From podium-dancing in return for a ticket to finding a secret entrance to The Collisillium – here, Max Cocking talks us through his Secret Garden Party experience.
I had completely resigned myself to the fact that for the first time in three years, I wouldn’t be going to Secret Garden Party, but then, “beep beep” – “Hi Max, I’m not sure if you remember but I’m managing the gay bar at SGP this year and one of our podium dancers has dropped out… fancy it?”
So there I was, alone on Friday afternoon at Kings Cross – under prepared, over excited and completely terrified by the prospect of podium dancing for a festival ticket. After compartmentalising my anguish about the ensuing 24 hour rainstorm and shooting it off in a rocket, I was ready; in the zone, in the game and in the mud.
Secret Garden Party is well known for its left-field bookings and beautiful settings, with a massive emphasis on the experience, rather than just the line up. The festival is just screaming to be explored. Middle class hedonism, not seen so voraciously since the Skins era is well and truly in force here, with the obligatory festival smattering of forest people (where the hell do these people go in the winter?).
The first act I caught were Hinds (FKA Deers), playing the Where the Wild Things Are stage; a twisted, interwoven branch enclave winding around the lake. Never has Spanish, lo-fi garage rock sounded so good. That evening I saw soul funk outfit Jungle lose their festival headlining virginity. The purveyors of 70’s influenced bliss–pop were not put off by the monsoon and gave one of the most rousing, anthemic, groovy sets I have seen in a long time. By the end, the entire crowd were twisted in ecstatic union, bathed in the thick steam billowing off their muddy, writhing bodies.
From there we ricocheted into the deep of the festival. The natural beauty of the site in the day is transformed into a Star Wars meets Game of Thrones-esque war zone at night. We soon found ourselves at The Collisillium, dancing in a Jeremy Bentham style panopticon, only made of hay and soundtracked by drum n bass. Top tip if you are going next time and there’s a queue – find the secret entrance to the left behind an ice cream van (you can thank me later). There were also some new stages to discover this year, such as the Maya Jane Coles curated ‘Little Horrors’, with a stellar line up that included Alex Arnout, B.Traits and Monki.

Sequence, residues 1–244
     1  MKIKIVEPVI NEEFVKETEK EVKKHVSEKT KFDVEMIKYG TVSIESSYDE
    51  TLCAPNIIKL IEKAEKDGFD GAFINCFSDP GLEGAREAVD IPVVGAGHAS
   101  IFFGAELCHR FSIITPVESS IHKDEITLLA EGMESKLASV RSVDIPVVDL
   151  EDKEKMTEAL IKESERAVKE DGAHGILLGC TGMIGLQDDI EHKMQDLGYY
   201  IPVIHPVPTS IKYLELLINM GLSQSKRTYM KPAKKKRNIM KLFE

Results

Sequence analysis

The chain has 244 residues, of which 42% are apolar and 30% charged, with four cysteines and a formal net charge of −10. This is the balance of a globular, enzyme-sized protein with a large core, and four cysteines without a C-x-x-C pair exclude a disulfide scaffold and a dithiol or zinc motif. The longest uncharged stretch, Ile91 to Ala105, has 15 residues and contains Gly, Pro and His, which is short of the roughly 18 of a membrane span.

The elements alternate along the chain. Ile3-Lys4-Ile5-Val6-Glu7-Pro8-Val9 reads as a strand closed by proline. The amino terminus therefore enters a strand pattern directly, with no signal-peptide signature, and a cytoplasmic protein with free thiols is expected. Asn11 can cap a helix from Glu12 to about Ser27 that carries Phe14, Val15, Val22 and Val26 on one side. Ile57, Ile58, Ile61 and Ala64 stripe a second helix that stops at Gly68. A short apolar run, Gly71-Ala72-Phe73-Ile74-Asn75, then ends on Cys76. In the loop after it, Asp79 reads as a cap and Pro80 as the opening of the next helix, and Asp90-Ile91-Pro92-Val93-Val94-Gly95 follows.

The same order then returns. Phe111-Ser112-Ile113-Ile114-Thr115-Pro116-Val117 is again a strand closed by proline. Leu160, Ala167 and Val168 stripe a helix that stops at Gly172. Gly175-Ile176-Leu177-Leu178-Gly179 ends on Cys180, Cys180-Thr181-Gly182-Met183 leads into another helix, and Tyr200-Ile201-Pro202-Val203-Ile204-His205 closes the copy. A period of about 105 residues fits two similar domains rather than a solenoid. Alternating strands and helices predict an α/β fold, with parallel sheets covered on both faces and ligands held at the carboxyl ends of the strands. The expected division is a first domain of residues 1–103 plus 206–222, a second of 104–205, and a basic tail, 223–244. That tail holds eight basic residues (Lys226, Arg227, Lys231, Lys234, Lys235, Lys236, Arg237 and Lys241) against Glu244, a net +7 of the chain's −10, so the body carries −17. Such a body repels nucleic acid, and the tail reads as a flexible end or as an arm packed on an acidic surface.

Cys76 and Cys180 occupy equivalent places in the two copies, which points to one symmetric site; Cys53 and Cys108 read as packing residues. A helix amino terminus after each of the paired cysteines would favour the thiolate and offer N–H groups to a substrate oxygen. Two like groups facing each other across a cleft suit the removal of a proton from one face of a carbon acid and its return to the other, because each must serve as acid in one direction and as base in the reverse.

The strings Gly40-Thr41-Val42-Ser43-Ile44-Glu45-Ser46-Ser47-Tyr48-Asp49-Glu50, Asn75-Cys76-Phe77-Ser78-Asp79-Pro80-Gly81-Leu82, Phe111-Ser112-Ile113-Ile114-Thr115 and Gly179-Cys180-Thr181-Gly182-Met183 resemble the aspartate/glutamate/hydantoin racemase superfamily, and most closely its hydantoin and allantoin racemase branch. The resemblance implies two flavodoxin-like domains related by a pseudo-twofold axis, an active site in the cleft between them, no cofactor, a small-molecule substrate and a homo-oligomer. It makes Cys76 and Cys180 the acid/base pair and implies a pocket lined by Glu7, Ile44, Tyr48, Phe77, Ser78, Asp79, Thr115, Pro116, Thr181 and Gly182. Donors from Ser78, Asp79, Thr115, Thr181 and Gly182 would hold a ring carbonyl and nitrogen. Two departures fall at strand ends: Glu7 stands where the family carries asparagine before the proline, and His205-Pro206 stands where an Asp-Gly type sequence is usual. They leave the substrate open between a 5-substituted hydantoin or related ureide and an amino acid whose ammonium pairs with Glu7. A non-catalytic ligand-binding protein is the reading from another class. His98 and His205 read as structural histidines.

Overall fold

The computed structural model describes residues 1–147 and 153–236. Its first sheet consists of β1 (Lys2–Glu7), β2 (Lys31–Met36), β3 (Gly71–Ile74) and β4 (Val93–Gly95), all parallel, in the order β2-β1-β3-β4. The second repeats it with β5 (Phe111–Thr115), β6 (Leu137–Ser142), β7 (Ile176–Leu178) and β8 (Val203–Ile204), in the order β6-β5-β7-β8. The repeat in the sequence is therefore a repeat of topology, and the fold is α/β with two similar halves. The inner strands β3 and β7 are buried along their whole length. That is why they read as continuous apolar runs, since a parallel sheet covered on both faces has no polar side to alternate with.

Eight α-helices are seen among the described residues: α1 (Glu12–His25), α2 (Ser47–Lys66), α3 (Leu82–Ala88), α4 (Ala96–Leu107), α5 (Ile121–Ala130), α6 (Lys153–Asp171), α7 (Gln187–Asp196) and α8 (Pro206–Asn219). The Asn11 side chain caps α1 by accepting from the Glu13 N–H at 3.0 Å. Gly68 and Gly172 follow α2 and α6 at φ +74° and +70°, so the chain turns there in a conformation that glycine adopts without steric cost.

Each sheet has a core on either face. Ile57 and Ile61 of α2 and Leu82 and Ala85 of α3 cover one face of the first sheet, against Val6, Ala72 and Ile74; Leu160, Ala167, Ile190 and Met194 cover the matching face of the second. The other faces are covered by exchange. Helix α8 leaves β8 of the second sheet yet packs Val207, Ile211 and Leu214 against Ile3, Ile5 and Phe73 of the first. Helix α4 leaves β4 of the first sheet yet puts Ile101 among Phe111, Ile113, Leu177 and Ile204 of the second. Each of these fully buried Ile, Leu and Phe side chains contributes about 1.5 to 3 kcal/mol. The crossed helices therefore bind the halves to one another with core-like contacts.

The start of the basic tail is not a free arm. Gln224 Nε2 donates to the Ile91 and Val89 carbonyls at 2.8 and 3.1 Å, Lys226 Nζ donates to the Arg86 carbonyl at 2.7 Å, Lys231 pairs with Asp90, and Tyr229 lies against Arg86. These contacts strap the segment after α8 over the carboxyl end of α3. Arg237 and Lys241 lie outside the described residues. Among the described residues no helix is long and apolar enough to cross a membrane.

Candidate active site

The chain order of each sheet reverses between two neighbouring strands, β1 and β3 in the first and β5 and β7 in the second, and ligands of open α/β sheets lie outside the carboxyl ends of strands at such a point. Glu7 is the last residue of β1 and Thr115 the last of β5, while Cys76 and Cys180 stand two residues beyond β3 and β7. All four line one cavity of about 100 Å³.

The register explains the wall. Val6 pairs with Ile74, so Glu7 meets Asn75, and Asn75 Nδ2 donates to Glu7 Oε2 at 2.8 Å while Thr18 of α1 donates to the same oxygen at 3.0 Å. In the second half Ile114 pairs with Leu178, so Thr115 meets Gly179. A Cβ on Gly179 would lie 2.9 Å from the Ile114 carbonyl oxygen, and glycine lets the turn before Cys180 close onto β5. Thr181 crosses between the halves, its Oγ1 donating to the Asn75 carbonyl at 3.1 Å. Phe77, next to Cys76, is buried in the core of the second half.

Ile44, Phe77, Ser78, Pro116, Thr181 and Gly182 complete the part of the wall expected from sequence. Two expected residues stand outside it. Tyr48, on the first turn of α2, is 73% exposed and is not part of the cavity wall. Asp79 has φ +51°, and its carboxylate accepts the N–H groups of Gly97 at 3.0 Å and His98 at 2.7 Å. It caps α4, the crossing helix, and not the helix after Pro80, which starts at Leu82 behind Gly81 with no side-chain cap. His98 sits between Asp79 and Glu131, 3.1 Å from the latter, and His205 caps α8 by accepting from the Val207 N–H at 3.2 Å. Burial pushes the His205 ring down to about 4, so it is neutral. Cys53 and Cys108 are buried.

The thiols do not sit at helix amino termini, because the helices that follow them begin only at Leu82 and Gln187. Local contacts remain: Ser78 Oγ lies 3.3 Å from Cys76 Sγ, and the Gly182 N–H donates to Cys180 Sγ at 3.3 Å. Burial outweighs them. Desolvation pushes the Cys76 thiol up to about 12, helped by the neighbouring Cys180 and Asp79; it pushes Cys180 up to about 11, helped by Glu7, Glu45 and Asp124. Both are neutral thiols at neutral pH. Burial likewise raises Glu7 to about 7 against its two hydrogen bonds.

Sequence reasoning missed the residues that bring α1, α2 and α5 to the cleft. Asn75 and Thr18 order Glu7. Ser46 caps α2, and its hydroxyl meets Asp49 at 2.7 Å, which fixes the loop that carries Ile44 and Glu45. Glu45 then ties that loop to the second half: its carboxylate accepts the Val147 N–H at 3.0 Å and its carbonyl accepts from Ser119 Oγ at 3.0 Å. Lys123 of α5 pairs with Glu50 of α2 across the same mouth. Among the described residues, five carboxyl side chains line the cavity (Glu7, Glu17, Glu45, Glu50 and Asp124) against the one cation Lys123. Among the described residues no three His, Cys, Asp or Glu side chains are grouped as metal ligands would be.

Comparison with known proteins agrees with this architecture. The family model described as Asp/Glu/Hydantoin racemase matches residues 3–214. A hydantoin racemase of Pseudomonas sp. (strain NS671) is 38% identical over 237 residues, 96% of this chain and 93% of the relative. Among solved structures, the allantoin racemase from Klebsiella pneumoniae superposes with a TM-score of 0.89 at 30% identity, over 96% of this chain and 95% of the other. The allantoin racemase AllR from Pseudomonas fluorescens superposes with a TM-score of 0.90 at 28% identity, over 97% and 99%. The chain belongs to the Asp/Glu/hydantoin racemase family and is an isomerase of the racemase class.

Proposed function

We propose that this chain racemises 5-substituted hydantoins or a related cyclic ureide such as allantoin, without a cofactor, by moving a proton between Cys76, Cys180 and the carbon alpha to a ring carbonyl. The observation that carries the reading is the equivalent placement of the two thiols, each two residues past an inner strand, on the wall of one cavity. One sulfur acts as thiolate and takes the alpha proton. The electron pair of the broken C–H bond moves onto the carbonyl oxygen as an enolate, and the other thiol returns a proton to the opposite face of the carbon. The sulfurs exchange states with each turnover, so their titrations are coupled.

After Friday’s madness I managed to pull myself together enough to catch XL signing Ibeyi as they played a mesmerising afternoon main stage set. The magnetic twins’ vocals danced over the crowd, sung in the Nigerian language of Yoruba as the Saturday sunshine lifted our rain drenched spirits. Saturday night saw Ry X’s electronic evolution The Acid steal the show, providing the perfect soundscape for a packed crowd of chemically altered bodies. His shimmering electronic pulses controlled the enchanted audience, bringing them into a trance like level of euphoria. It was all you could ever want from a 1am festival billing.
Secret Garden Party truly is a mad, mysterious festival. It’s kind of like that mate you love, who always forces you to have shots but might also ditch you in the middle of the night. Everywhere you go there is something new to find and shocking to see. One moment you are dancing to the best deep house you have ever heard and the next you have stumbled upon a secret rave hidden through a phone box. If you look hard enough you might even see this weary writer, reluctantly podium dancing in a gay bar…
Words: Max Cocking